Wednesday, May 30, 2012

Wall Street Journal inadvertently makes case for Irish Yes vote

In the context of Ireland's referendum on the fiscal treaty tomorrow, a Wall Street Journal Europe editorial uncorks this rationale for Ireland to want to avoid the fiscal rules in the treaty:

Ireland is Europe's best case study in how a little short-term budget imbalance can go a long way if it's used to fund tax cuts and supply-side reform. The fiscal pact threatens to rob all EU countries of that flexibility. 

Such a broad statement is hard to pin down and it should be noted that some of Ireland's acclaimed corporate taxation system has been around in some form since the 1950s. But nonetheless the statement -- pinning a supply side interpretation on a past fiscal misdeed likely means one thing -- that Charlie McCreevy is still whispering in the Journal's ear as successfully as Fianna Fail did in the glory years of the mid-2000s.

A little history is in order. In late 2000 and early 2001, Charlie McCreevy was Ireland's finance minister. And in that period, he was busy sowing the seeds of Ireland's fiscal disaster: the low interest rates due to the introduction of the euro had already generated a property boom on top of what had been a foreign investment driven economy, and the tax revenue was rolling in. And the plan was to spend it all on (1) tax cuts (2) massive public sector pay increases ("benchmarking"), and (3) any and all items to help buy the next election which was due within 2 years.

Not entirely surprisingly, the still nascent budget monitoring of the European Council of Finance Ministers was unimpressed, and asked for curtailing of measures that were obviously stoking an over-heating economy. Charlie, cheered on by a boosterish and gullible media, and with the intellectual backing of economists who should have known better, told them to F*** Off (using supply-side language), and other than a few cosmetic adjustments to his budget measures, got his way. When people look back at why the European budget rules had so little teeth, they tend to focus on the later brush-offs by France and Germany, but Ireland got their first. Here's an excellent account by Frank Barry of how the 2001 decisions played into the broader political economy of the country to produce the outcomes we see now.

But Charlie, stinging from the sharply revised views of his tenure, still finds sympathy in some quarters, the giveaway being how the WSJ defence uses the same supply-side terminology that Charlie used in 2001. But if the  fiscal pact had been around then, that episode could have turned out differently.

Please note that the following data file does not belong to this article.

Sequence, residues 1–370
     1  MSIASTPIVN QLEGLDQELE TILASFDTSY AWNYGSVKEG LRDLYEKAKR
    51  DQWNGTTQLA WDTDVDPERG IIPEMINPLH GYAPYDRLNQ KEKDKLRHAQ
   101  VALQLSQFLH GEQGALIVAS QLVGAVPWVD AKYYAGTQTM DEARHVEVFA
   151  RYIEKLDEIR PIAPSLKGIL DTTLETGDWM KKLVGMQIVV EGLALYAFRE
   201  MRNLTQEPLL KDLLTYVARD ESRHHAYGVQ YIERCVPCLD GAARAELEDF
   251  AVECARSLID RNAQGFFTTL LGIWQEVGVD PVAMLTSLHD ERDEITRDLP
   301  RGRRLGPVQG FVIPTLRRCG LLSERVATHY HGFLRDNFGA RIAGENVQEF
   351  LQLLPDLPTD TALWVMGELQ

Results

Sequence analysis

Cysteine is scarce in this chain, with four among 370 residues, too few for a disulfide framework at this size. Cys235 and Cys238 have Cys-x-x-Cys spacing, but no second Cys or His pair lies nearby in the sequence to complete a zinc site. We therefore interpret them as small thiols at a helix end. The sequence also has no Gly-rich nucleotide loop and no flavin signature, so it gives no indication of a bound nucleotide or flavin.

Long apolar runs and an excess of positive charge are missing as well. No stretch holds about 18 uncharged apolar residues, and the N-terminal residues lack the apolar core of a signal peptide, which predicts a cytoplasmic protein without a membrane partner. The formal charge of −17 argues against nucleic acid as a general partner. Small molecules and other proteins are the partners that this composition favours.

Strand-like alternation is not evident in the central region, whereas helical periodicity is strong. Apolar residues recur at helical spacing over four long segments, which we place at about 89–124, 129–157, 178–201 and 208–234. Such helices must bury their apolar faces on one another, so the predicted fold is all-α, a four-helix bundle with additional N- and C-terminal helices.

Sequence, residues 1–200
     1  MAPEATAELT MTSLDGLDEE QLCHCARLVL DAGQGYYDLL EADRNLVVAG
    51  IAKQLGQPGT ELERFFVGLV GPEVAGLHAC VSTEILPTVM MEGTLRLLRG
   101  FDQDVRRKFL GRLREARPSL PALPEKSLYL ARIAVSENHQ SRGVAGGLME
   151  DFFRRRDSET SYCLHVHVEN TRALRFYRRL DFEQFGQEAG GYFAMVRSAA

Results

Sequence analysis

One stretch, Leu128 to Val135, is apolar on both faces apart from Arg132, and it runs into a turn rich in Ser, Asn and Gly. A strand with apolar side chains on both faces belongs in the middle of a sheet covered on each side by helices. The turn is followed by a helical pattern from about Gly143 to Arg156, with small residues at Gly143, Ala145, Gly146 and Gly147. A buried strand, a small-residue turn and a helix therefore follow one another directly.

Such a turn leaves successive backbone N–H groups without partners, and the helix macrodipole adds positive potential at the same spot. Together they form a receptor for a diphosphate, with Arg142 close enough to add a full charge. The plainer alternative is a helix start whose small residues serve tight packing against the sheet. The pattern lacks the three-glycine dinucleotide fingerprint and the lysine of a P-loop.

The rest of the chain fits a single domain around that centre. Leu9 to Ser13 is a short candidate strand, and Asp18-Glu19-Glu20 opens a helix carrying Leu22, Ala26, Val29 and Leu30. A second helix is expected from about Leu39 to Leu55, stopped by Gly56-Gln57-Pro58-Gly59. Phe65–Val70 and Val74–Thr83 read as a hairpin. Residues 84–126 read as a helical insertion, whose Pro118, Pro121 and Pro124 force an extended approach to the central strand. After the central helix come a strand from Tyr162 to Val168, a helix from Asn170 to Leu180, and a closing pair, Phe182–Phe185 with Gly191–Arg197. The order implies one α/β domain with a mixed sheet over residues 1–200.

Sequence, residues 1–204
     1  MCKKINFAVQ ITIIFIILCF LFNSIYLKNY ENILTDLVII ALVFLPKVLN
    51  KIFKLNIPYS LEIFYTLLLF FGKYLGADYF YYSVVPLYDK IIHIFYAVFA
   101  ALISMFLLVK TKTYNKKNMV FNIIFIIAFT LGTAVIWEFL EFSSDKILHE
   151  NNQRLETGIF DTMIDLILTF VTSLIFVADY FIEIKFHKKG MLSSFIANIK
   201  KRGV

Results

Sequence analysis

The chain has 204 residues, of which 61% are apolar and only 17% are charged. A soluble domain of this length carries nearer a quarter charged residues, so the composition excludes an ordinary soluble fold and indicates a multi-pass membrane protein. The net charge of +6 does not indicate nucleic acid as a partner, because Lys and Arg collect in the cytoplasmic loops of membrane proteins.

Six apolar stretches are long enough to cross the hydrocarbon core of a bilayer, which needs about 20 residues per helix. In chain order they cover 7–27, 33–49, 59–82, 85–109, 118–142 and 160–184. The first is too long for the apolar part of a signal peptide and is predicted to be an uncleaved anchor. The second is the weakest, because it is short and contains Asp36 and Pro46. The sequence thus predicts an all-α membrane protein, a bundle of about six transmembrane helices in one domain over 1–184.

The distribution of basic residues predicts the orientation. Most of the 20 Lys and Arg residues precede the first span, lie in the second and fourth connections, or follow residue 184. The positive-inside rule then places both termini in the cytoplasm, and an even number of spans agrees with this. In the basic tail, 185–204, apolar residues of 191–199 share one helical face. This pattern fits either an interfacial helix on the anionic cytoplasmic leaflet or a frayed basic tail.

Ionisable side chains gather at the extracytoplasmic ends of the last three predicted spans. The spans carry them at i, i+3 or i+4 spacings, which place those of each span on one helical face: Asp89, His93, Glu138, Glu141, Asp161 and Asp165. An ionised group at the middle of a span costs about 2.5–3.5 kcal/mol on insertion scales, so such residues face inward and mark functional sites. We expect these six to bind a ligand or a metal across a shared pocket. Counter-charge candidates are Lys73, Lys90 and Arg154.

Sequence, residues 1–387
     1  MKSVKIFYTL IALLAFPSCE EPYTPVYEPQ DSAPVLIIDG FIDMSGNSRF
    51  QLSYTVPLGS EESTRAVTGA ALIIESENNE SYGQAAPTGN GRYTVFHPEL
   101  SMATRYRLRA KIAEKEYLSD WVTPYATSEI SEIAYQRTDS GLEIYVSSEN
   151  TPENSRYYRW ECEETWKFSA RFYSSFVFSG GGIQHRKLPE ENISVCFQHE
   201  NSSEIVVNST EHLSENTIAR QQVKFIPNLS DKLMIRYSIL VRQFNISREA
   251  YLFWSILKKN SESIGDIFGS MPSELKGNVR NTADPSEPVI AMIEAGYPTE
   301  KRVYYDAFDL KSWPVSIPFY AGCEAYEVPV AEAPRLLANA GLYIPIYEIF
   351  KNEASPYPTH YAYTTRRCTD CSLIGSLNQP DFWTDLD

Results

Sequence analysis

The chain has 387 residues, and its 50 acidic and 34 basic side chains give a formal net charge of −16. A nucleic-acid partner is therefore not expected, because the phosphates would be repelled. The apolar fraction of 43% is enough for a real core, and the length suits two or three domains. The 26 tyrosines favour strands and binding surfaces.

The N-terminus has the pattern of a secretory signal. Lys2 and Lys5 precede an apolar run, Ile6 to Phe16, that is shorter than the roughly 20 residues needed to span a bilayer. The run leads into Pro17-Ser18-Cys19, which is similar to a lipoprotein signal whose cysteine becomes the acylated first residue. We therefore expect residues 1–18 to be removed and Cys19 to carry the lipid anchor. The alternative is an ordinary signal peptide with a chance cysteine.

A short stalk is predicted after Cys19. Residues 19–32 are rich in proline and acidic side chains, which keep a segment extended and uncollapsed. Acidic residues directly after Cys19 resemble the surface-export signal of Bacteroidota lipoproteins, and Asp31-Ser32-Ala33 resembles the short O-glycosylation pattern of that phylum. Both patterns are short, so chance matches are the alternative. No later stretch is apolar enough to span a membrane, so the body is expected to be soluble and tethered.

Monday, May 28, 2012

They've never had it so good

In two recent posts, the estimable Paul Krugman has reproduced a chart from Jonathan Portes which appears to show that the United Kingdom has slashed public investment since 2008. In the chart, public investment falls from 3.5 percent of GDP to 1.5 percent over the space of 3 years. No wonder Krugman says "they're eating the seed corn" and all in the name of that awful Coalition austerity.

But if you reflect a little bit on that information, you might find yourself asking: really -- they managed to halve public investment over three years? It's the kind of thing you might notice, and indeed the kind of things that others might notice given how hard it is to cut any component of public spending.

And then you start digging. Whereupon it turns out that the UK government did not slash public investment by half over three years, at least not in any sense of active cuts to the capital budget. No. What they did was not continue a very temporary last gasp of New Labour splurge on investment that had taken investment far above its historical average, and indeed far above any level achieved in the Blair-Brown era.

Here's the historical series on public sector net investment as a share of GDP since 1970 (Table 4.1, 7th column). That Brown surge briefly got investment up to a level that hadn't been seen since Are You Being Served was in its original run, and even the current Coalition "cuts" have it back it a level about the same as the Cool Brittania years.

Now stimulus advocates could say that the point still stands: surely the time to boost investment is when interest rates are so low. But you could also look at the preceding 30 years and wonder what was holding back investment then? And the answer might be that revenues were so squeezed by the other commitments of the welfare state that there was no room for public investment. Which might in turn explain why public infrastructure in the UK can seem so shabby today. Which might give you an insight into where those awful austerity people are coming from: the state has to be restructured to make room for the things that the state used to do. It could be that both sides have a point. Which means that one side is not so obviously wrong.

Saturday, May 26, 2012


Iran news agency -- A top secret document disclosed in Egypt in the last few days revealed that the Saudi monarchy, specially the regime's Foreign Minister Saud bin Faisal bin Abdul-Aziz Al Saud, has been attempting to prevent Islamists' victory in Egypt's presidential election.

Saudi News Agency In response to a question from Saudi Press Agency (SPA) on a current document on the internet supposedly from the Minister of Foreign Affairs of the Kingdom of Saudi Arabia to the Embassy in Cairo on the Egyptian elections, Ambassador Osama Naqli, Chairman of Information Department of the Ministry of Foreign Affairs, said this document is clearly rigged and its contents are against the Kingdom's policy of non-interference in the internal affairs of the states. He added that the document is not in line with the formal correspondences of the Saudi Ministry of Foreign Affairs in terms of form, style and content, as well as the rigged signature is not the Foreign Minister's signature or any ministry's official. The Ministry of Foreign Affairs uses Hijri calendar not Gregorian calendar on its documents.